We started in the same way, but this time we created the sensor1 variable with the collected address.

In the readDs18b20() function we will use two functions:

  • requestTemperatures() - This function does not specifically communicate with any sensors, but with all. It's like it says: If you're a ds18b20, run a new read now and wait for my ” And what the sensor does.
  • getTempC(address) - Here we send information directed to each sensor of interest, which responds to us with the last reading

Inside the Setup() function we started the sensor with the begin() function, it performs a reading automatically, if you didn't make new requests, the sensor would still respond to the getTemp() function, but with an outdated value.

In the loop, we have a timer with the millis() function so that the reading takes place every 10s.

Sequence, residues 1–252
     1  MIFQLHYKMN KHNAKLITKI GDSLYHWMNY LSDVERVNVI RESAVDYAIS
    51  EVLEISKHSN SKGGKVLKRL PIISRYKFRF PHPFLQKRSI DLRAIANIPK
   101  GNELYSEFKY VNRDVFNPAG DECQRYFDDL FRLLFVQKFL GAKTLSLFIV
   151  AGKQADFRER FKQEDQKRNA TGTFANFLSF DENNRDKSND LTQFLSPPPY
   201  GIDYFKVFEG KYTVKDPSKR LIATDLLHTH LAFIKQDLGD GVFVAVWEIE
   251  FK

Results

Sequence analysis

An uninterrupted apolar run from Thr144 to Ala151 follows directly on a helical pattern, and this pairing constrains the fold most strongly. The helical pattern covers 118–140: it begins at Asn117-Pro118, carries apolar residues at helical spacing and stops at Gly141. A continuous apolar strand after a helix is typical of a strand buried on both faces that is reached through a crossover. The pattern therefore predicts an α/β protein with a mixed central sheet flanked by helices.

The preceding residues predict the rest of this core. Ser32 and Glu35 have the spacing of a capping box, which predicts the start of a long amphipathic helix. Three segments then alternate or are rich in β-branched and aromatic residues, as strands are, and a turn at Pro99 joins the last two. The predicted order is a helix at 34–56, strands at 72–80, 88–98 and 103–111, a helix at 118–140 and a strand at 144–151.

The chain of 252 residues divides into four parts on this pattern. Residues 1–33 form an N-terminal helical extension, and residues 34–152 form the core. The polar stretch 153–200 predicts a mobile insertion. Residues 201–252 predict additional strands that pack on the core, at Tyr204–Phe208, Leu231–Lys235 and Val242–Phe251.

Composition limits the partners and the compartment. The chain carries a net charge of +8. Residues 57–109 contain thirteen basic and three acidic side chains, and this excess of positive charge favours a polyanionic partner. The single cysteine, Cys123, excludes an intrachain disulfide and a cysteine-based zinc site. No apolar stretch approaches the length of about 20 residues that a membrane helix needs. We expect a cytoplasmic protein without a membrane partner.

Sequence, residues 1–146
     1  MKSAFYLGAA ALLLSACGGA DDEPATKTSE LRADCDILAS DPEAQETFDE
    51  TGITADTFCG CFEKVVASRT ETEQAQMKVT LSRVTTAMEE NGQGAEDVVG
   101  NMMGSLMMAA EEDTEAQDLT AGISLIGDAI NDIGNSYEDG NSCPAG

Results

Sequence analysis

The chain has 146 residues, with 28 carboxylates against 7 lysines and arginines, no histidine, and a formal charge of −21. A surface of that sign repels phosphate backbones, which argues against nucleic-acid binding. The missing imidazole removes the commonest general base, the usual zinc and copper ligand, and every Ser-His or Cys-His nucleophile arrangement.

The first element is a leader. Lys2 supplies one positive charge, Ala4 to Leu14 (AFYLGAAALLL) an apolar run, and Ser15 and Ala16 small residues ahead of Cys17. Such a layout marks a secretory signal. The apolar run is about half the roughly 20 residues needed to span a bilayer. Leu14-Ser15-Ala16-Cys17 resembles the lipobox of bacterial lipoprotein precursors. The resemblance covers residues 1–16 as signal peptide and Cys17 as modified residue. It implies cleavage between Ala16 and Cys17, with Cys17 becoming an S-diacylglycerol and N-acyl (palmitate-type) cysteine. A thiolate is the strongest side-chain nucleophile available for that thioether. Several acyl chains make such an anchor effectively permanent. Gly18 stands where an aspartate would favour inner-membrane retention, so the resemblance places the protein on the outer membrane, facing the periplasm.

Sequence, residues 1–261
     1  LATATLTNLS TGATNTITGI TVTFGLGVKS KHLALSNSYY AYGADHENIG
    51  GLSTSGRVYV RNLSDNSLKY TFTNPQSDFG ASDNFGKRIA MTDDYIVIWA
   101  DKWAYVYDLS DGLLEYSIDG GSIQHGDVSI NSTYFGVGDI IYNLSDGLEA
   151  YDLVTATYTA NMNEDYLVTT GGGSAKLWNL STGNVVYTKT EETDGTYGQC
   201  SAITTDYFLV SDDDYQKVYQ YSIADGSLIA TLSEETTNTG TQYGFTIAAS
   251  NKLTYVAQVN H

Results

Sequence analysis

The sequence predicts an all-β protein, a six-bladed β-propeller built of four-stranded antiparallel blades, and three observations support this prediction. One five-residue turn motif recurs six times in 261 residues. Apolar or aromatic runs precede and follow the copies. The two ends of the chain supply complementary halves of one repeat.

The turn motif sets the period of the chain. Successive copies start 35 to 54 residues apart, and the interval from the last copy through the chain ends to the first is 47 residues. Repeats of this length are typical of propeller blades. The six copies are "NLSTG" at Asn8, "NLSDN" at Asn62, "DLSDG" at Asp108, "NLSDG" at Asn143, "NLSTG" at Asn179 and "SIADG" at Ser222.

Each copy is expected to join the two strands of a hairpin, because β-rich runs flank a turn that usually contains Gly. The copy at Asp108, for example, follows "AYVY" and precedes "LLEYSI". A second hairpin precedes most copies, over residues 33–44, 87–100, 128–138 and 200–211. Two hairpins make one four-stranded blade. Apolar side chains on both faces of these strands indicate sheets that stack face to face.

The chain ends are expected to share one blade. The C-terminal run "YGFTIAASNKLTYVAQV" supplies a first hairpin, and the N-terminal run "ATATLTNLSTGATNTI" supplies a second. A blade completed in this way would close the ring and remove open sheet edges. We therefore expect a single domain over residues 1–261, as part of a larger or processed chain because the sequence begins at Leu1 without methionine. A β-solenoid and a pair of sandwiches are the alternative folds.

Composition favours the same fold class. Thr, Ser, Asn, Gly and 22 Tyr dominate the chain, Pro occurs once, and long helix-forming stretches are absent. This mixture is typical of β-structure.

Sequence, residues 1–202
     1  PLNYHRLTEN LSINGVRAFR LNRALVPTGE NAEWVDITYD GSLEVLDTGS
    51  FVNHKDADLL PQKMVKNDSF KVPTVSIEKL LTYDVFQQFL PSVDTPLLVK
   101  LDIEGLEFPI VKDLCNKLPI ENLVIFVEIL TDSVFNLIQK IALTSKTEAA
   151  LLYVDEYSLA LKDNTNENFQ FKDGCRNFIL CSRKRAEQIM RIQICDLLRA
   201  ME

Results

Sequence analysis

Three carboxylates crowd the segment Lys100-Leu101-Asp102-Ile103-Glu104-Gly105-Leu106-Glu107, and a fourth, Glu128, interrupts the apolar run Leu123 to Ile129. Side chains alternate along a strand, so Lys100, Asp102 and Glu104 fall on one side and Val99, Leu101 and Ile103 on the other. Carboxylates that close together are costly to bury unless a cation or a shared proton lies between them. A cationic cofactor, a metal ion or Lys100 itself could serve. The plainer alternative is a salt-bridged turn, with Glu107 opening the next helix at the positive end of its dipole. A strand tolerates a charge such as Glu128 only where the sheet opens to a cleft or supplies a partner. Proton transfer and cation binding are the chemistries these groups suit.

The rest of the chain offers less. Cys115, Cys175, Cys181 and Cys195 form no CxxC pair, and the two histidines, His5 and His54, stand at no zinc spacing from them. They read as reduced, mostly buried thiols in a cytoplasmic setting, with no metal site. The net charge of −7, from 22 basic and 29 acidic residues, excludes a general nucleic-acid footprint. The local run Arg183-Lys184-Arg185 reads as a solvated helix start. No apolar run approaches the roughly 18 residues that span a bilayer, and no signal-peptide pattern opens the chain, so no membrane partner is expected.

WiFi Temperature Monitor with ESP8266 and DS18B20, Code for reading the DS18B20 sensor, Creation of the webpage, DS18B20, Finding the DS18B20 address, Sensor reading by Serial Monitor,
On the serial monitor, we should get the following result:
WiFi Temperature Monitor with ESP8266 and DS18B20, Code for reading the DS18B20 sensor, Creation of the webpage, DS18B20, Finding the DS18B20 address, Sensor reading by Serial Monitor,

Note that on line 15, we added one more parameter to the Serial.println() function. With that, we define the number of decimal places.

Creating the monitoring page

With our reading ready, let's create a web page to view this information in the browser. Remember that later we will put these files in FLASH ESP8266 with SPIFFS.

We will build the following screen:

WiFi Temperature Monitor with ESP8266 and DS18B20, Code for reading the DS18B20 sensor, Creation of the webpage, DS18B20, Finding the DS18B20 address, Sensor reading by Serial Monitor,
    And for this, we will use two files:
  • index.html
WiFi Temperature Monitor with ESP8266 and DS18B20, Code for reading the DS18B20 sensor, Creation of the webpage, DS18B20, Finding the DS18B20 address, Sensor reading by Serial Monitor,
  • style.css